The Use Case For My New Server…
I recently built a low-cost, low-power server mostly from parts I had around already. It’s now time to go over the use case.
I’m now moved into halls at Sheffield Hallam University meaning that I no longer have access to the physical hardware to reset the machine or repair issues. The only access I now have is via SSH, this was the reason for the requirements I originally had relating to reliability. So far, the machine has worked flawlessly. I’m currently using it as an off-site backup for my work here at university. Every piece of work I create here is now stored in at least 3 locations. The first being the machine(s) it was created on, the second being an external hard drive I have stored in a locked box in my room and the third and final location being my storage server over 200 miles away protecting my data from physical theft and other disasters such as fire. One tip I’d have for anyone starting university is to keep good file backups. If all universities are like mine, they are not kind when it comes to deadlines and will heavily penalise you for missing them, in some cases meaning you could fail a module or course because of a late assignment.
I chose to run NextCloud on the server mostly due to its flexibility and scalability. Flexibility especially is proving to be a greatly useful feature at this point. I can mount the server as a remote location on both my Windows and Linux PCs using WebDAV (this will also work on Mac should I go insane and buy one) and access files on my phone and other mobile devices using the app at the small cost of £1. I can also access my files on any other machine I may be using (I anticipate this being used mostly in the university’s labs) via the web interface which is familiar to anyone who has previously used Google Drive or Dropbox. One upside, however, when compared to Google Drive is the ability to mount the storage as a remote location. This means that storage on the PC itself is irrelevant as files are not synced locally and are instead accessed remotely by WebDAV. This performs the very important (especially for a lazy person like me) task of making backups simple. It’s easy to save another copy and even work on documents directly from the server using WebDAV which means I’m far more likely to use the backup than I was previous, more involved solutions.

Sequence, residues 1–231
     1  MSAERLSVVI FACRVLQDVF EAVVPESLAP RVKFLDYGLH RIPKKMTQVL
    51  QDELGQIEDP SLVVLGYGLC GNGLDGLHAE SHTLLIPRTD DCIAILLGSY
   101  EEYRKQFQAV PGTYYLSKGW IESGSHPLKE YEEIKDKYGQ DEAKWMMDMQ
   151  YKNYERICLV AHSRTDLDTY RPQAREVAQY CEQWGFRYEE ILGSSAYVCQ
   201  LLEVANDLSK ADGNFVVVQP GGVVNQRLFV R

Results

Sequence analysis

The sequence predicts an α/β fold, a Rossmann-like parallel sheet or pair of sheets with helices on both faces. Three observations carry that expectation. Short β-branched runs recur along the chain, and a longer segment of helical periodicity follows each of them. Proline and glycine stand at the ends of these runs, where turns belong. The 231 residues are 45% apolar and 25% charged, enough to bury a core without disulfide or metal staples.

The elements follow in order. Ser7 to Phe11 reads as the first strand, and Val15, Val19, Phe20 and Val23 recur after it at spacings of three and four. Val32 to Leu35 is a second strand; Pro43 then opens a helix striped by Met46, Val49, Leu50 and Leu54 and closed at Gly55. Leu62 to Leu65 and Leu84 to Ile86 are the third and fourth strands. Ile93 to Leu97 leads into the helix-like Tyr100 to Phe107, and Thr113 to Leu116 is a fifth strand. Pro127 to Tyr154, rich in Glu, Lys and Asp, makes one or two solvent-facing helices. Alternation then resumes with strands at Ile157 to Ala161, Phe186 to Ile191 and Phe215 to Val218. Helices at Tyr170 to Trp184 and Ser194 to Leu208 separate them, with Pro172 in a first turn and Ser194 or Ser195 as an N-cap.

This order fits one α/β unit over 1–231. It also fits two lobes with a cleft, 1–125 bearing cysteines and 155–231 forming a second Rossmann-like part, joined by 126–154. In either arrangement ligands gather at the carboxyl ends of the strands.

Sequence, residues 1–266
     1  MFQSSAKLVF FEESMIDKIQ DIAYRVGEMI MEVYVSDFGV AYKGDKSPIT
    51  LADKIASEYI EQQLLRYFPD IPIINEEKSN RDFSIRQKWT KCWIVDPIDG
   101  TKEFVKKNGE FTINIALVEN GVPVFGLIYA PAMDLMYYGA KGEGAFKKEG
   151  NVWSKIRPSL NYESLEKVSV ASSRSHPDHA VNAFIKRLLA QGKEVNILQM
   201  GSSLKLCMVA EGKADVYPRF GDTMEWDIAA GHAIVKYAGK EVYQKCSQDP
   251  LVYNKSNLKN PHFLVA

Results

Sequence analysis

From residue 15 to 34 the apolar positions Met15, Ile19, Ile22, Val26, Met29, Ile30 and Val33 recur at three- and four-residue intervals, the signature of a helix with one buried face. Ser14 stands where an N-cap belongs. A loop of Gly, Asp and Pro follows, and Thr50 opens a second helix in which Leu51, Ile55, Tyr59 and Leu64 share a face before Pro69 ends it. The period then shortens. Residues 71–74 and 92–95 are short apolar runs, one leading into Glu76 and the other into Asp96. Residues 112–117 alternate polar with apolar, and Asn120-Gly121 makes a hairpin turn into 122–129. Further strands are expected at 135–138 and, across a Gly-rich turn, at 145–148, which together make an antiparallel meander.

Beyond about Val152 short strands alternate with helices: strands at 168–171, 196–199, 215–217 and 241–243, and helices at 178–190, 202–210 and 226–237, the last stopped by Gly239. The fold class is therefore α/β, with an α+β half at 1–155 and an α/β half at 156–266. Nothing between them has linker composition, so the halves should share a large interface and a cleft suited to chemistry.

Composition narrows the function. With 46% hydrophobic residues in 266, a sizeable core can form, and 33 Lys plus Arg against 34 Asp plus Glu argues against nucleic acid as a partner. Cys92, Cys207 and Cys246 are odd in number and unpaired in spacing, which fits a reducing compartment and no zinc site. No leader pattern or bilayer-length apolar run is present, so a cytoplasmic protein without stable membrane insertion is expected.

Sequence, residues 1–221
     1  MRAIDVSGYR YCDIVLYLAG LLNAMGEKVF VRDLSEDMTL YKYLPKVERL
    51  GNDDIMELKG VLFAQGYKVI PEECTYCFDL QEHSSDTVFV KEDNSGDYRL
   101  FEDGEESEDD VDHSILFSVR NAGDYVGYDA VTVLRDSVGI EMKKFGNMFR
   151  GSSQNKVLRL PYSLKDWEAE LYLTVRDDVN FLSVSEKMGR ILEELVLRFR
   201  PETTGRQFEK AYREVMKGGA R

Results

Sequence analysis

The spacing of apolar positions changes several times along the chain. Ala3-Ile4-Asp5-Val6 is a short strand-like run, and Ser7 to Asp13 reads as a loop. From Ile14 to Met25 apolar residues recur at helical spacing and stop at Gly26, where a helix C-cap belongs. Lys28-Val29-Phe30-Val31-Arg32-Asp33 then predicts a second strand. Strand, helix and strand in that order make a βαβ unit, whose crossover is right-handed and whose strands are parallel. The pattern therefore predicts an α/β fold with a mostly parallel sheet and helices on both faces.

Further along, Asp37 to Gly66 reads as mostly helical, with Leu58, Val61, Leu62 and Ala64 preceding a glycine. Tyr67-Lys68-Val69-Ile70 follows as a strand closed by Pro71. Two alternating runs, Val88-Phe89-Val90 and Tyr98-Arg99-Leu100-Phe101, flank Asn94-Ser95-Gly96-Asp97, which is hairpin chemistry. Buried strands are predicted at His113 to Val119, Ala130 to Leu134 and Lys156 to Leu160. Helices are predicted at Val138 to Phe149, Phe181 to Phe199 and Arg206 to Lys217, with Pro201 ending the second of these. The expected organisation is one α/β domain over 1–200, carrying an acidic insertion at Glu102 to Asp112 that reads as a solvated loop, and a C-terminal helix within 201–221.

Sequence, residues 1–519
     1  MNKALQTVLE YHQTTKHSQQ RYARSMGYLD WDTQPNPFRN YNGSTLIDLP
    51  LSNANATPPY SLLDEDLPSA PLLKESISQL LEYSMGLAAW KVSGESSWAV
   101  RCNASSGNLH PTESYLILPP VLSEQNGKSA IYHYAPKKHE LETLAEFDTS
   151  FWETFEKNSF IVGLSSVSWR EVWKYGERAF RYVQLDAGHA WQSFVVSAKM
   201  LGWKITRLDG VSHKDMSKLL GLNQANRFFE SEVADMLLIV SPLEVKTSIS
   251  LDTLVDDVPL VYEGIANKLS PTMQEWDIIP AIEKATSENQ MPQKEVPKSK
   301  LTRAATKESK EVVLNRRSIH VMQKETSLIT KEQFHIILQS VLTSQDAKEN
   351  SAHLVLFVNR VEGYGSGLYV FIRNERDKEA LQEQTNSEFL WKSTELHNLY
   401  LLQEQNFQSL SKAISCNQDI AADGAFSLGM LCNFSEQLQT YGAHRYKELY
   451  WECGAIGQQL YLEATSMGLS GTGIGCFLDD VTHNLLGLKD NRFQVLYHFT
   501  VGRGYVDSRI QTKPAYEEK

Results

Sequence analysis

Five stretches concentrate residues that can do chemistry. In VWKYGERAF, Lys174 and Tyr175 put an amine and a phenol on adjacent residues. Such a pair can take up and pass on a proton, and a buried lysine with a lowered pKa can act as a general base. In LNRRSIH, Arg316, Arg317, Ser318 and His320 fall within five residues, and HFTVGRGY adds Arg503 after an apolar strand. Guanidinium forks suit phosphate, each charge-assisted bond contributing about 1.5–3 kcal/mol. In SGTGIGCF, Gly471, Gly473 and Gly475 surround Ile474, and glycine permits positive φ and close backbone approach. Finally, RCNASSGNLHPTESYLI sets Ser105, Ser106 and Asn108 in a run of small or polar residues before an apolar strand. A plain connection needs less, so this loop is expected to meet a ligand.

Overall I have no issues with this system so far and would recommend it to anyone looking for a cheap way of building a backup server. Just be sure not to use a setup like mine as your only backup since most of the components I used are desktop components that are over 10 years old so may well be prone to failure.